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Huan Luo, Kun Song, Rui-Huai Zhang, Ke Zhou; Pulsed re-sampling of cued object during ‘inhibition of return’: new behavioral evidence. Journal of Vision 2013;13(9):943. doi: 10.1167/13.9.943.
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© ARVO (1962-2015); The Authors (2016-present)
Inhibition of return (IOR), referring to inhibitory aftereffect at previously cued location, has been generally attributed to discouraging attention from orienting back to the originally attended location. IOR lasts for several seconds, but the behavioral microstructure during this inhibitory course remains completely unknown. Here by using a time-resolved measure (sampling every 20 ms), we examined the fine spectro-temporal dynamics in reaction times (RT) on 40 human subjects in a pre-cuing paradigm. After a peripheral uninformative cue shown at one of the two peripheral boxes, a target was presented in the cued or uncued box at varying SOAs (0.1~1 s), and subjects were asked to discriminate the shape of the target as fast as possible. Consistent with previous pre-cuing findings, we observed the typical facilitation and IOR effects in early (SOA <0.3 s) and late (SOA > 0.3 s) interval respectively. Most critically, during IOR range when RT was grossly slower for cued than uncued condition, the RT simultaneously underwent a rhythmic oscillation around 10-20 Hz, and the cued condition initiated stronger 10-20 Hz power than uncued condition in a pulsed manner (~3 Hz). Further analysis demonstrated a coupling between high-frequency power and low-frequency phase, matched with previous electrophysiological findings, implicating a theta-mediated sampling behavior. Finally, such pulsed 10-20 Hz power difference diminished when the target occurred in different locations within same object, whereas typical facilitation and IOR effects remained intact, implicating a dissociation between space-based and object-based attention. In conclusion, our studies, by examining behavioral performance at higher temporal resolution, provide novel evidence that the cued object is not completely inhibited during IOR, but gets re-sampled by returned 10-20 Hz attentional pulse mediated by theta oscillation. Our results also support the essential role of brain oscillations in attentional operation.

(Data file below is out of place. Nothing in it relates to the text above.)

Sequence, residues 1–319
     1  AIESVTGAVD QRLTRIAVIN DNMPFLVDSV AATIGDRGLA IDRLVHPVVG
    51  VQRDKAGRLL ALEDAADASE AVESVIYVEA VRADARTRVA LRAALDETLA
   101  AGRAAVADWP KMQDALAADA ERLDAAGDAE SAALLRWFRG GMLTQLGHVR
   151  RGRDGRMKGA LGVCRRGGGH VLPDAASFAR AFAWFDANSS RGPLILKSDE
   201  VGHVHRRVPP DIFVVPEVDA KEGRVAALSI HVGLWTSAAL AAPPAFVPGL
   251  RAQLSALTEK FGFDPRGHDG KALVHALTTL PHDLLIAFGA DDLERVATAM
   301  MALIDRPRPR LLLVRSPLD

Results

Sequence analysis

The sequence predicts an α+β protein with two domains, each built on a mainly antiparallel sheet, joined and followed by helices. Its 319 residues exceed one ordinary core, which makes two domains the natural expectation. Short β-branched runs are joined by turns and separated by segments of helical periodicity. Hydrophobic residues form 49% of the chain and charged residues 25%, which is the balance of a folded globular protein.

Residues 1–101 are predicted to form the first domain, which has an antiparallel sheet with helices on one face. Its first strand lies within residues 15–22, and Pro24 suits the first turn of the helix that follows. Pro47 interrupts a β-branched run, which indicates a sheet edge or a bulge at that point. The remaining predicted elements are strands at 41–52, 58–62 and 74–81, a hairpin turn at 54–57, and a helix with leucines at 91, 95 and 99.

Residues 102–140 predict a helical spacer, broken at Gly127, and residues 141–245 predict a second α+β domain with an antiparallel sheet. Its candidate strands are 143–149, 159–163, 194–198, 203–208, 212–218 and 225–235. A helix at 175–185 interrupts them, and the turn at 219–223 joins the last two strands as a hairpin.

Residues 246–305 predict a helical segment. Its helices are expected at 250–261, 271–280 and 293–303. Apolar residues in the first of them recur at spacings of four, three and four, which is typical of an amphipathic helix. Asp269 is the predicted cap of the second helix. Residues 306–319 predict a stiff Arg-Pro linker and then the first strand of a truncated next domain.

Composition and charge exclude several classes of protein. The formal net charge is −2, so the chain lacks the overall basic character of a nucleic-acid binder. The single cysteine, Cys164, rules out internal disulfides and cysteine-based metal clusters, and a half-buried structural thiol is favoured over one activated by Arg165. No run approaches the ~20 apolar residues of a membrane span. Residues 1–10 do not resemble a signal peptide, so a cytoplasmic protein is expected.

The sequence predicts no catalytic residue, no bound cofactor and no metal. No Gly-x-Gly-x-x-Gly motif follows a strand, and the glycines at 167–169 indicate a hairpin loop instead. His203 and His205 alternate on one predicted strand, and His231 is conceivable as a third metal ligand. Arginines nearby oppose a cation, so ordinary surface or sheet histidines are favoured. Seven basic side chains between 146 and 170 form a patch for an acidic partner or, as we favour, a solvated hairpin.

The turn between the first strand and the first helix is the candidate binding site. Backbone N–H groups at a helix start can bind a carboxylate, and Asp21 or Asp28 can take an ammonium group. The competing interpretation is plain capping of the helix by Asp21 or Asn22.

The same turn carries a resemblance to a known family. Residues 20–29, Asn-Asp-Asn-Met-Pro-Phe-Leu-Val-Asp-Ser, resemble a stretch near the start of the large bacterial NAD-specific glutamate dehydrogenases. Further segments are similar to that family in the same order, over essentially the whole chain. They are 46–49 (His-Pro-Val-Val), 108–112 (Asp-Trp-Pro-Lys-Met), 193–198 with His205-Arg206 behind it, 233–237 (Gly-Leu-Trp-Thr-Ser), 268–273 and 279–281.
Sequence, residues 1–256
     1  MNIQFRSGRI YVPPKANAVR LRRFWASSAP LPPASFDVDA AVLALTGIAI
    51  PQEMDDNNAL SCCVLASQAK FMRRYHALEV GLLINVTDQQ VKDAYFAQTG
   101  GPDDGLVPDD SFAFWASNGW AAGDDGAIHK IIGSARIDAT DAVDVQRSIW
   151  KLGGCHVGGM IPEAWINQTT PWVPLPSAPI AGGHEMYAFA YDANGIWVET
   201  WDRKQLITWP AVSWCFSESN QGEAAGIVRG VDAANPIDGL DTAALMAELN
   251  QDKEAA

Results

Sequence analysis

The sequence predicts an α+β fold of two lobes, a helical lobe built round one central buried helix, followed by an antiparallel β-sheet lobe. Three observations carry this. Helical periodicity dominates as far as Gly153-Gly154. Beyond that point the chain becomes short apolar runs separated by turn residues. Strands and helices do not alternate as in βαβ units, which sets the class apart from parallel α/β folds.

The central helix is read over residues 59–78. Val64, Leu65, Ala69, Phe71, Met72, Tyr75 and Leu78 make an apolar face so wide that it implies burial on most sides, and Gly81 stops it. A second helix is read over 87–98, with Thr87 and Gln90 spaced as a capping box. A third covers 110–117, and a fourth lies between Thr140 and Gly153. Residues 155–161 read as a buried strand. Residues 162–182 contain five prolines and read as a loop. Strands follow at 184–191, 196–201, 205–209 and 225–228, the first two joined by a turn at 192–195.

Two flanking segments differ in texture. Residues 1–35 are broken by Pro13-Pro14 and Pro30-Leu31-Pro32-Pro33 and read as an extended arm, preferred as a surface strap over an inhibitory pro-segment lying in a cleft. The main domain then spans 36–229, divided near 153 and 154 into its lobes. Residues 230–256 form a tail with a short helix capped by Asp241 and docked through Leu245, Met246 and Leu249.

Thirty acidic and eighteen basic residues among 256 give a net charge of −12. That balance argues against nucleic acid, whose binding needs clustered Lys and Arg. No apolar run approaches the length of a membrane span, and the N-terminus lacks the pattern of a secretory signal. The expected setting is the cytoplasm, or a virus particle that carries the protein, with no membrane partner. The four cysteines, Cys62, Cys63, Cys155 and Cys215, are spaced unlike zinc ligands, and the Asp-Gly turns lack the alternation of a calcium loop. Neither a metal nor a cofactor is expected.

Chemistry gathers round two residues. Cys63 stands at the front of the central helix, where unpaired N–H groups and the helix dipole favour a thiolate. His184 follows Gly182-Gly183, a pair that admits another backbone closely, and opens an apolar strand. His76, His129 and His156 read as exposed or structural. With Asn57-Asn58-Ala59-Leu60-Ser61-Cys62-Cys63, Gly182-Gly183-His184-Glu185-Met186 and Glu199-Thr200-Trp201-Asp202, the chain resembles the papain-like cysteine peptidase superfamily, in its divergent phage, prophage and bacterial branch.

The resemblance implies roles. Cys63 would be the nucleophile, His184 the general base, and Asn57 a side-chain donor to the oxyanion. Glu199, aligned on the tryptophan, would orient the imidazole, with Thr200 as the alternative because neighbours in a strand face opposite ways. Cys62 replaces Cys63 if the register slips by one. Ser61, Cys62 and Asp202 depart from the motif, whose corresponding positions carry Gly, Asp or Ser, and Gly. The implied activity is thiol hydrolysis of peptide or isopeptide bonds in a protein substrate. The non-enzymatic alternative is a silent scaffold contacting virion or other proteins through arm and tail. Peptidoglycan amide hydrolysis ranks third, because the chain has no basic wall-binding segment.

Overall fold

Meeting abstract presented at VSS 2013
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